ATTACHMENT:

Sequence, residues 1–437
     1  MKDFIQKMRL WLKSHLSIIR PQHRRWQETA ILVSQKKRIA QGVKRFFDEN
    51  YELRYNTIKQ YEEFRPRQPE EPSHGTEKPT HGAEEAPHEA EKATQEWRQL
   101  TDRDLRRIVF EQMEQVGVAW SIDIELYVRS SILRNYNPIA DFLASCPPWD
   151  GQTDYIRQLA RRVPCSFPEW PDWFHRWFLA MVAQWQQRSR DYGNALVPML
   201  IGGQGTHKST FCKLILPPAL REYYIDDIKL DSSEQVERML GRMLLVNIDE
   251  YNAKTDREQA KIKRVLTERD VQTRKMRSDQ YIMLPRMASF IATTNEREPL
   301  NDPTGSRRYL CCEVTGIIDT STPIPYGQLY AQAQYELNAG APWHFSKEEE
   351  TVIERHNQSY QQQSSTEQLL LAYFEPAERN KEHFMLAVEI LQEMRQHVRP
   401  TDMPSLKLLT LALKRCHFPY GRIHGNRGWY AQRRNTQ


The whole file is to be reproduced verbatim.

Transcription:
Sequence, residues 1–437
     1  MKDFIQKMRL WLKSHLSIIR PQHRRWQETA ILVSQKKRIA QGVKRFFDEN
    51  YELRYNTIKQ YEEFRPRQPE EPSHGTEKPT HGAEEAPHEA EKATQEWRQL
   101  TDRDLRRIVF EQMEQVGVAW SIDIELYVRS SILRNYNPIA DFLASCPPWD
   151  GQTDYIRQLA RRVPCSFPEW PDWFHRWFLA MVAQWQQRSR DYGNALVPML
   201  IGGQGTHKST FCKLILPPAL REYYIDDIKL DSSEQVERML GRMLLVNIDE
   251  YNAKTDREQA KIKRVLTERD VQTRKMRSDQ YIMLPRMASF IATTNEREPL
   301  NDPTGSRRYL CCEVTGIIDT STPIPYGQLY AQAQYELNAG APWHFSKEEE
   351  TVIERHNQSY QQQSSTEQLL LAYFEPAERN KEHFMLAVEI LQEMRQHVRP
   401  TDMPSLKLLT LALKRCHFPY GRIHGNRGWY AQRRNTQ